Marketing

Fixing real estate's loyalty problem

Author
Jessica Swesey
No.
913
Please excuse the mess. This page is currently under construction.

Almost 90% of homeowners would do business with their Realtor again, but only 10% remember that agent’s name.

You’ve probably seen those stats floating around from NAR. They make this point rather loudly:

The real estate industry has a loyalty problem.

Many factors go into creating it. The average person needs a Realtor only a handful of times in their lifetime. Agents retire or change brokerages or careers. Or, their heinous turn-your-clocks-back emails get them cast off into spam box purgatory – to be forgotten forever.

In a business that thrives on referrals, customer loyalty is shockingly weak.

Read that statement again a few times and let it sink in. Customer loyalty not only creates repeat business, but also feeds the coveted referral engine.

Most of what we see today that aims to address the problem is ineffective:

fridge

It’s 2015. I watched someone fly a drone in the park last weekend. My house at this point is smarter than a lot of people I remember from high school. And big data enables Target to direct mail me advertisements relevant to my personal needs.

Yet, post-close marketing in real estate for the most part still sits at the refrigerator magnet level. And almost none of it has anything to do with my home.

At 1000watt, we’re aware of a handful of companies tackling the post-close marketing and loyalty problem. HomeZada is one that comes to mind. The company has created a product around home maintenance that gives consumers helpful information and reminders about keeping up their home – brought to you by the agent who helped them buy that home.

HomeZada is making the connection between home, homeowner and their agent so the homeowner will never forget who that person was and always associate them with their home.

Another product from a separate company taking a different approach will be launching at the Inman show in New York next week.

But here’s another thought:

NAR last year made a policy shift, which went into effect January 1, essentially lifting the barriers around sold data. Going forward, MLSs must provide sold data to brokers and tech vendors who want to use that data on their websites or in their marketing.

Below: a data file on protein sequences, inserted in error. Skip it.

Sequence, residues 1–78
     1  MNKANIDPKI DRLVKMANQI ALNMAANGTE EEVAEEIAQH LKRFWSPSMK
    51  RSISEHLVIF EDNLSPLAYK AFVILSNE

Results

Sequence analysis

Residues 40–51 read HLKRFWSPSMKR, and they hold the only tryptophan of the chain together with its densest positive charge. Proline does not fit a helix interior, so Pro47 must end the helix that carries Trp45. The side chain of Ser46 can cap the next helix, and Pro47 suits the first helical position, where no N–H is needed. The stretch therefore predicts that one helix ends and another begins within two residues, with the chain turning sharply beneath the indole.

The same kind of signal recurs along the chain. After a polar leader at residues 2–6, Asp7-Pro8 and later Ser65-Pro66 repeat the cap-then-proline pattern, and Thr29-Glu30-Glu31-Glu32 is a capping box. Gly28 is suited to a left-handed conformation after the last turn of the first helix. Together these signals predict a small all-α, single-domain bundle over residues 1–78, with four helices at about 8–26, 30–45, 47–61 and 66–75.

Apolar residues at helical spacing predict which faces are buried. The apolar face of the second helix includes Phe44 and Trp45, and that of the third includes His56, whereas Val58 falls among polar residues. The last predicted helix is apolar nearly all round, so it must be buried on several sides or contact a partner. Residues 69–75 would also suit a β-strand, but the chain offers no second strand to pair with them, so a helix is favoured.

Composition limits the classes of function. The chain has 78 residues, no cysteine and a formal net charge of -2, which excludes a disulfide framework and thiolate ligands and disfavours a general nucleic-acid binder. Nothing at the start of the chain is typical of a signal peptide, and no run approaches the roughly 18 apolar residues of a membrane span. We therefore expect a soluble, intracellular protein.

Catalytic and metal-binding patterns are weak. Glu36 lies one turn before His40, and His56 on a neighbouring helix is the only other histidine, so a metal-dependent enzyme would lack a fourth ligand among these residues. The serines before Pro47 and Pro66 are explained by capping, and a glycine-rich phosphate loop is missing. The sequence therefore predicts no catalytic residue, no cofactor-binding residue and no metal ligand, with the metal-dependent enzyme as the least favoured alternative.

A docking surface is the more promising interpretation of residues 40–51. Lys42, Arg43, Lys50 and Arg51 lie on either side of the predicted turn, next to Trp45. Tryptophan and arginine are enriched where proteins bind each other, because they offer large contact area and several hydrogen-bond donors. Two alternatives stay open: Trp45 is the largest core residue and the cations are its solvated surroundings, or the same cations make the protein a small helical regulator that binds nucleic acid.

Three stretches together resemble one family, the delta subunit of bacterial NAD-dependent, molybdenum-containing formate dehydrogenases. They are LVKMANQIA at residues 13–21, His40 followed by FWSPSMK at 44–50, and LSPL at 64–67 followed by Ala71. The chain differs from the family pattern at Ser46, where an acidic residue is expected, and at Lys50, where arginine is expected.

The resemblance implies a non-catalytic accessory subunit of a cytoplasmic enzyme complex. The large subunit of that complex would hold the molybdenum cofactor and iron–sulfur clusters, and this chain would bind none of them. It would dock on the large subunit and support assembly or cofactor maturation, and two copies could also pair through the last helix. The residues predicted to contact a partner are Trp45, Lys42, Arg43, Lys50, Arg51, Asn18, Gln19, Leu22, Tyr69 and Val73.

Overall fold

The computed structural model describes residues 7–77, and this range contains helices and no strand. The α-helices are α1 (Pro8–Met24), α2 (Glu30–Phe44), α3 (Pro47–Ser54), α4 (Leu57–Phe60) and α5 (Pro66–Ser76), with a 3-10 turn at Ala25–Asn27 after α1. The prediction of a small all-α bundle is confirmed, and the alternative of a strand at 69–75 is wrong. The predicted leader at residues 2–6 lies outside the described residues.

This is a post-close marketing goldmine. There’s a big opportunity sitting right in front of us, but most efforts to use solds in marketing remain primitive.

For instance, last week I received three different Just Sold postcards from three different agents in my neighborhood. I looked at each of them front to back – so they grabbed my attention. But then I just threw them in my recycling pile along with the weekly sale flyer from CVS.

Thinking back today, I have no idea what those agents’ names were or even what brokerage they’re affiliated with.

It’s about time to see some more modern adaptations of the Just Sold postcard. I could imagine something like an email newsletter from a real estate broker showing me recent solds for the month and providing me clear calls to action for contacting an agent. Or even something like digital flyers created with an app like Nudge.

This will go a lot further in tackling the industry’s loyalty problem than than a branded bottle of wine or plea for referrals in the signature line of an email.

Useful, relevant market data that can help me make smarter decisions about buying and selling? Yes, please.

In 2015, post-close marketing in real estate is ready to make some strides.

[Disclosure: 1000watt has done work for HomeZada; Nudge is a 1000watt product.]